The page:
“Aggressive care at the end of life for individual patients isn’t necessarily bad, it’s just that most patients who recognize they’re dying don’t want to receive that kind of care,” said Dr. Jennifer Mack, lead author of “Associations Between End-of-Life Discussion Characteristics and Care Received Near Death: A Prospective Cohort Study.”

“We should at least consider having these discussions soon after diagnosis if we know that a patient has incurable cancer,” Mack, from the Dana-Farber Cancer Institute in Boston, told Reuters Health.

The researchers studied more than 1,200 patients with stage IV lung or colorectal cancer who survived at least one month from the time of diagnosis, but died during the 15-month study period. Using interviews of the patients and/or their caregivers and a comprehensive medical record review, the researchers determined if and when the patients had discussions with their doctors about end of life.

Researchers found that 88 percent had end of life discussions, but more than one-third of those took place less than a month before the patient died. Those patients who had end of life discussions documented in the medical record but did not recall them in the patient or surrogate interviews were more likely to have chemotherapy within the last 14 days of life, or acute intensive or hospital care within the last 30 days of life.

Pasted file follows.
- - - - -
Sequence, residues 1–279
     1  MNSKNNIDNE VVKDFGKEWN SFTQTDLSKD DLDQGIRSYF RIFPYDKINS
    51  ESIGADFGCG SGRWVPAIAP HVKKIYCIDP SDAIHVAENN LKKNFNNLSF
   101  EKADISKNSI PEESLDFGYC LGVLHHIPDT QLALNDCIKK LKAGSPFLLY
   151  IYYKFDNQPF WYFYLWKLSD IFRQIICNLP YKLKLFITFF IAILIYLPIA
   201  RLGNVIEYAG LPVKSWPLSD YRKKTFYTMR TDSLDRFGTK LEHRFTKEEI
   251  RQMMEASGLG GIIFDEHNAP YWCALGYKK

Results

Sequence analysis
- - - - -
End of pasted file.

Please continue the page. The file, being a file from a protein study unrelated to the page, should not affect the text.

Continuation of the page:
Patients who reported having the discussions with doctors were almost seven times more likely to end up in hospice than those who didn’t have those talks. Hospice focuses on comfort care and pain management for terminal patients, instead of treatment.

“A lot of patients don’t want (aggressive treatment), but they don’t recognize that they’re dying or that this is relevant for them,” said Dr. Camilla Zimmermann, head of the palliative care program at University Health Network in Toronto. She wasn’t involved in the study.

She told Reuters: “The earlier you discuss these things, the more options you have. If you wait too long, you end up having these discussions with someone you don’t know, that you just met, in an inpatient setting,” instead of with your primary doctor.

According to Mack, “If we start these conversations early, then patients have some time to process this information, to think about what’s important to them (and) to talk with their families about that.”

In 2010, Medicare paid $55 billion for doctor and hospital bills during the last two months of patients’ lives- more than the budget for the Department of Homeland Security, according to CBS News. Twenty to 30 percent of those medical expenses may have had no meaningful impact on the patients’ health.

Reuters is reporting data from the Dartmouth Atlas of Health Care, which found that 32 percent of total Medicare spending goes to caring for sick patients in their last two years of life.

National guidelines recommend patient-physician talks begin soon after a terminal cancer diagnosis. Researchers found that physicians initiated end of life discussions an average 33 days before death.